Sale and Supply of Alcohol Act 2012

​​The Sale and Supply of Alcohol Act 2012 came into force on 18 December 2013, replacing the Sale of Liquor Act 1989. The new Act has tighter controls on who can sell alcohol and how it is promoted. Communities or individuals are also able to object to the issuing or renewing of a licence, provided they have a greater interest in the application than the general public (for example, if they live close to a licenced premises).

Factsheets about how the new law affects bars, clubs, restaurants and alcohol stores can be found on the Health Promotion Agency website.

Some of these changes include:

Local Alcohol P​​olicy

The Act allows local government to develop local alcohol policies (LAPs). LAPs are a set of decisions made in consultation with the community within a geographical area about the sale and supply of alcohol.

Whanganui District Council’s Local Alcohol Policy came into force on Monday, 2 September 2019 after the provisional policy was adopted by the Alcohol Regulatory and Licensing Authority on Wednesday, 3 July 2019.

The policy aims to reduce alcohol-related harm in the Whanganui District by: considering the location of licensed premises in relation to sensitive sites such as schools; limiting the number of off-licenses (excluding supermarkets and grocery stores); a one-way door restriction for on-licences where licensed hours exceed midnight; maximum trading hours for licensed premises; and, inclusion of discretionary conditions for the District Licensing Committee.

District Licens​​ing Committee (DLC)

The District Licensing Committee (DLC) is a local judicial body made up of community representatives and led by a Commissioner. This gives local communities more say in alcohol licensing decisions. The District Licensing Committee comprises Stuart Hylton (Commissioner), Cr Hamish McDouall (Deputy Chair), Cr Phillipa Baker-Hogan, Rob Moore, John Maihi and Nicki Higgie.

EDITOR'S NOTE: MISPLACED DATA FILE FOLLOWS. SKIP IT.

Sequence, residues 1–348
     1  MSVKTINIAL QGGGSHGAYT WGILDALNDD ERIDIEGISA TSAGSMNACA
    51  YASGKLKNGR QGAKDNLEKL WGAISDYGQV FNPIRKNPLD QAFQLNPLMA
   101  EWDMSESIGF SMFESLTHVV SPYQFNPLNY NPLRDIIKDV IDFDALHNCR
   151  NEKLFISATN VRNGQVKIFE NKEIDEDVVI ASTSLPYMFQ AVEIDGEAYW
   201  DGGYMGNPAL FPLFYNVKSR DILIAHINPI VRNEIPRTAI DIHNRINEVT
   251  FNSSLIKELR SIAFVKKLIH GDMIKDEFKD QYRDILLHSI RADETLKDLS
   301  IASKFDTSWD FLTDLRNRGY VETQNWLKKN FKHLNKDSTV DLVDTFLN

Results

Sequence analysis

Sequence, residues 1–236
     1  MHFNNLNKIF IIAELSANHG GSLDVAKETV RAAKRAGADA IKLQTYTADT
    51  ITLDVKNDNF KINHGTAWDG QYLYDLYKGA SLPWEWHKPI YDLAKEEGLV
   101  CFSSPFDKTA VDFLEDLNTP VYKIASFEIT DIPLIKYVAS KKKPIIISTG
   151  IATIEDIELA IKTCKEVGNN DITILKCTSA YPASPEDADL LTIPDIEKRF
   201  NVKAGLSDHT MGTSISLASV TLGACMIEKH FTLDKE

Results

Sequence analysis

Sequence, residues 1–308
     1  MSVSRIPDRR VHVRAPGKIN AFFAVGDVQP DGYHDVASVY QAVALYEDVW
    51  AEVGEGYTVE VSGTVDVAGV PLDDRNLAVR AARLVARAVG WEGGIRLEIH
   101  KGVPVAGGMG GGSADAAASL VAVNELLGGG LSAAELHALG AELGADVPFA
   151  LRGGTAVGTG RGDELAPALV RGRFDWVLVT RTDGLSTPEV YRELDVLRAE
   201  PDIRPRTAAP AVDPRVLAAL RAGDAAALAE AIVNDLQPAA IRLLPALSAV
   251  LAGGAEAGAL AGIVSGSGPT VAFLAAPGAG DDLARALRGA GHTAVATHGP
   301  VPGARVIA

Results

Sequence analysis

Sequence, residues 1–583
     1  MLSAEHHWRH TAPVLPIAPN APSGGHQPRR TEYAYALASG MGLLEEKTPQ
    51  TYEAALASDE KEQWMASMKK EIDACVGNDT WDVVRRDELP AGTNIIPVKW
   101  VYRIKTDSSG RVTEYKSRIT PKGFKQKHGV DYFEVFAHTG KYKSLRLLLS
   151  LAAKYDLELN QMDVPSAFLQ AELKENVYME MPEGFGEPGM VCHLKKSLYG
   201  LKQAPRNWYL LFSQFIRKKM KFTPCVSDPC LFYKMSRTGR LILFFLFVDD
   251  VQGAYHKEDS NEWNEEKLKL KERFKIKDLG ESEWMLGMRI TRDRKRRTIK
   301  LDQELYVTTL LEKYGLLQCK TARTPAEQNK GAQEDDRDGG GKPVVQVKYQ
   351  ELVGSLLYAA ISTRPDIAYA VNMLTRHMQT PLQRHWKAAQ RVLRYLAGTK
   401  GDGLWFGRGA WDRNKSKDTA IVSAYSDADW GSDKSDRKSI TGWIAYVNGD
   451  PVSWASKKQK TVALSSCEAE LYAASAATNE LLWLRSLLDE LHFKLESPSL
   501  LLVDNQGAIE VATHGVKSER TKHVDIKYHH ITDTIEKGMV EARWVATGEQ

Lice​​nsing fees 

Issuing licences, monitoring compliance and enforcing action when necessary creates costs for local councils, which administer much of the licensing system.

Under the Act, licenced premises are now required to pay an annual fee and a renewal fee. The annual fees are payable on the anniversary date of the licence every year. A new licence is granted for one year initially and then after that the licence is renewed every three years.

Manager's c​​ertificate

Under the new Act, a ‘club manager’s certificate’ no longer exists. It has been replaced by a ‘manager’s certificate’, and the manager must be the holder of a Licence Controller Qualification (LCQ). However, club manager’s certificates issued before 18 December 2013 will be granted, for a limited period only, under the Sale of Liquor Act 1989.

Similarly, existing club managers applying for a renewal on the expiry date of their certificate may be issued a ‘limited renewal’ certificate, valid for one year. That year will give a manager time to obtain a LCQ, through private accredited training providers.

Don’t leave obtaining an LCQ until the last minute. You can get an LCQ from training organisations on online by visiting the HSI website.

Page reviewed: 06 Sep 2019 8:51am